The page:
The soil infiltration capacity is often the limiting factor at a proposed location as it defines the type (surface/subsurface) and size of the recharge site. A high conductivity is desirable for surface infiltration techniques, thus the surface infiltration capacity should be above 0.1 m/d (Bouwer, 1987). The soil type classification above is based on CGWB (2007) and introduces four iniltration classes. Infiltration classes “Medium” or “High” are required for surface infiltration techniques.

Table 3. Infiltration rates for different soil types (after CGWB,2007)

Class Soil infiltration rate (m/d) Soil types
Very low < 0.06 Highly clayey soils
Low 0.06 – 0.3 Shallow soils, clay soils, soils low in organic matter
Medium 0.3 – 0.6 Sandy loams, silt loams
High > 0.6 Deep sands, well aggregated soils

Land use

  • Agricultural
  • Barren Land
  • Residential
  • Industrial
  • Recreational
  • Streambed

The land use type classification is based on the Corine classification (Büttner et al. 2004) but adapted to fit the requirements of MAR sites. Land use types where no MAR is applied are left out while others are grouped.


  • Maximize storage capacity
  • Prevent saltwater intrusion
  • Restore groundwater levels
  • Improve water quality
  • Agriculture
  • Domestic
  • Ecological benefit

Typical scale

  • Small (Household)
  • Medium (Village)
  • Large (Town)

Scale refers to the amount of people that the user wants to supply with the water stored by applying MAR. So roughly it is an estimate of the quantity of water to be stored. Even though most MAR types can be adapted to any of those scales, it is thought to represent the scale that MAR methods are mostly used for.

The user is asked to choose one or more suitable characteristics for each criterion, if the data is available to him. The tool will show all MAR methods applicable to the given characteristics in real-time. This means that if two types of source water are choosen, the resulting MAR types are either applicable for source type water 1 or source type water 2 or both. Please note that this tool only generates information on which techniques are feasible, it does not rank which ones are the most feasible or which ones have been applied the most to a specific situation!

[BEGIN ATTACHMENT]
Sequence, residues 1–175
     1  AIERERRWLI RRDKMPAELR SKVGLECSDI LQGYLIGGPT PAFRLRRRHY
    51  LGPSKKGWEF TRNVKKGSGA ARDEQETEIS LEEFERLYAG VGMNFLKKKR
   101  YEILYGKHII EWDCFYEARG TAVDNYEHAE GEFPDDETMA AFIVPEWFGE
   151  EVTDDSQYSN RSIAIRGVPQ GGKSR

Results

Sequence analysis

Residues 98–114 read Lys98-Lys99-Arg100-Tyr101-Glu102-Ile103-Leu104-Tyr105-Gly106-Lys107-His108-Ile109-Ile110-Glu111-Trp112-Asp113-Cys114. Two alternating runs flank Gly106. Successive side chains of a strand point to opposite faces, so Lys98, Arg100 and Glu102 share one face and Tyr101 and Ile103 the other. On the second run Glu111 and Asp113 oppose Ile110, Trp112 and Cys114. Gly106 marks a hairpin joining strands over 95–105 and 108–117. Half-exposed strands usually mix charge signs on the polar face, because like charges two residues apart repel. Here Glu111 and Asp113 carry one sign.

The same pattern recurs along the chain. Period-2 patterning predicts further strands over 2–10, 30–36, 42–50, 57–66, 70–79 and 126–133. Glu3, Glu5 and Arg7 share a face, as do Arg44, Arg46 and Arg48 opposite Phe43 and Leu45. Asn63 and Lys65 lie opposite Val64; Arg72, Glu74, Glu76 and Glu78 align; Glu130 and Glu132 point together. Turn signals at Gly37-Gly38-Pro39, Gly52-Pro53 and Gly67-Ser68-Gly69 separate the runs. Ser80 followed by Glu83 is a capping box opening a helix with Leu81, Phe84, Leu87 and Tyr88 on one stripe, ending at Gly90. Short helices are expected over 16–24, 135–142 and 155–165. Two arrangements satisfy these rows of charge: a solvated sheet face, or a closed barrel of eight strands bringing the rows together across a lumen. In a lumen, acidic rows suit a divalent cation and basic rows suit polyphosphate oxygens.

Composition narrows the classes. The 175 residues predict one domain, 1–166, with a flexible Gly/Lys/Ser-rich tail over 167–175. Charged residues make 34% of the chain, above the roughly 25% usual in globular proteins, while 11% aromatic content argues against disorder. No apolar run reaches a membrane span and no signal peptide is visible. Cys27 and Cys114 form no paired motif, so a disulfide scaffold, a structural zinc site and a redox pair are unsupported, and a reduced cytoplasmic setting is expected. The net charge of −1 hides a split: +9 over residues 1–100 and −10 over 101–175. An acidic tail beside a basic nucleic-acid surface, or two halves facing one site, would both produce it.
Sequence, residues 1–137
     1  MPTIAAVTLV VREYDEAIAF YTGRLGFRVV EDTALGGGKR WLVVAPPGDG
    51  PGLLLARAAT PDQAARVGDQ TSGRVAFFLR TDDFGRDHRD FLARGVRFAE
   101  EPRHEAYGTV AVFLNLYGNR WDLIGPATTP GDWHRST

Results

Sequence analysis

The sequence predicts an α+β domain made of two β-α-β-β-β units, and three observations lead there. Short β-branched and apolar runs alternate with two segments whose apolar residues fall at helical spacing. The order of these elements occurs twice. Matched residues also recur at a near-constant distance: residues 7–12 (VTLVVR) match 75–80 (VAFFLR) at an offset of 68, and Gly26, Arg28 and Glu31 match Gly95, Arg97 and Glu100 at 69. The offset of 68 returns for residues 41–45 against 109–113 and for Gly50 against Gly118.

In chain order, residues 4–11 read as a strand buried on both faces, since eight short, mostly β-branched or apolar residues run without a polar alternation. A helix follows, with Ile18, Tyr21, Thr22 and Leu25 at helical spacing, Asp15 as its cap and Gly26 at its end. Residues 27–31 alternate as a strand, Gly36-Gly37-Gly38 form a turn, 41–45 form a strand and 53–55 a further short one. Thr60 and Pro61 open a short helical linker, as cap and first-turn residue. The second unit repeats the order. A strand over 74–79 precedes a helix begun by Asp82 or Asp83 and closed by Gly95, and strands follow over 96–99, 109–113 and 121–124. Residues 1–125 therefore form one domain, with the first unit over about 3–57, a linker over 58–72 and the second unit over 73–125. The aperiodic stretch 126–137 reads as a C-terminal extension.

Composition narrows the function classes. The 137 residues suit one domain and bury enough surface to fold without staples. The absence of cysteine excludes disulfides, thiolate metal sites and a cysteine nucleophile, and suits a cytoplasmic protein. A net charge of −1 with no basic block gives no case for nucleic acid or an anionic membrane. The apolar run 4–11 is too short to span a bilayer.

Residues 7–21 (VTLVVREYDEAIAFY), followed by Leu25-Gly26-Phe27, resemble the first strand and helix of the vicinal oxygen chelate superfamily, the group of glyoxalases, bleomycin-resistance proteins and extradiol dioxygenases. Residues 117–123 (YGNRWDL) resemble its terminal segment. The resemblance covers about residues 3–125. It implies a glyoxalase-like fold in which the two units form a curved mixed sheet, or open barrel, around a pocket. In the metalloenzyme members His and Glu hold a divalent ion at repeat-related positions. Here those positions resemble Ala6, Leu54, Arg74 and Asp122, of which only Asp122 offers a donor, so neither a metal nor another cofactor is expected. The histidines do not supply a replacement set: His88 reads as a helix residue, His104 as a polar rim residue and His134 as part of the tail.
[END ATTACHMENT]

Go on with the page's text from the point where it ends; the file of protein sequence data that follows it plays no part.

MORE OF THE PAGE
To differentiate further the user is also provided with a very rough analysis on the cost and land need for each MAR method that is applicable to the specified situation. This is, however, only a tendency. The cost of a MAR scheme depends on many factors (scale, labor cost, pretreatment, …) so that it very much varies from scheme to scheme.



    • Bouwer, H. (1987). Design and Management of Infiltration Basin for Artificial Recharge of Groundwater. In 32nd Annual New Mexico Conference on Ground Water Management, Albuquerque, NM. http://www.wrri.nmsu.edu/publish/watcon/proc32/Bouwer.pdf.
    • Büttner, G., Feranec, J., Jaffrain, G., Mari, L., Maucha, G., & Soukup, T. (2004). The CORINE land cover 2000 project. EARSeL eProceedings, 3(3), 331-346
  • CGWB (2007) Manual on Artificial Recharge of Ground Water. Faridabad, India: Central Ground Water Board – Ministry of Water Resources – Govt. of India.. cgwb.gov.in/documents/Manual%20on%20Artificial%20Recharge%20of%20Ground%20Water.pdf.
  • Department of Water Affairs (2010). Water Banking: A Practical Guide to Using Artificial Groundwater Recharge. Strategy and Guideline Development for National Groundwater Planning Requirements.
  • IGRAC (International Groundwater Resource Assessment Centre) (2015). Global Inventory of Managed Aquifer Recharge (MAR) Schemes. https://ggis.un-igrac.org/ggis-viewer/viewer/globalmar/public/default.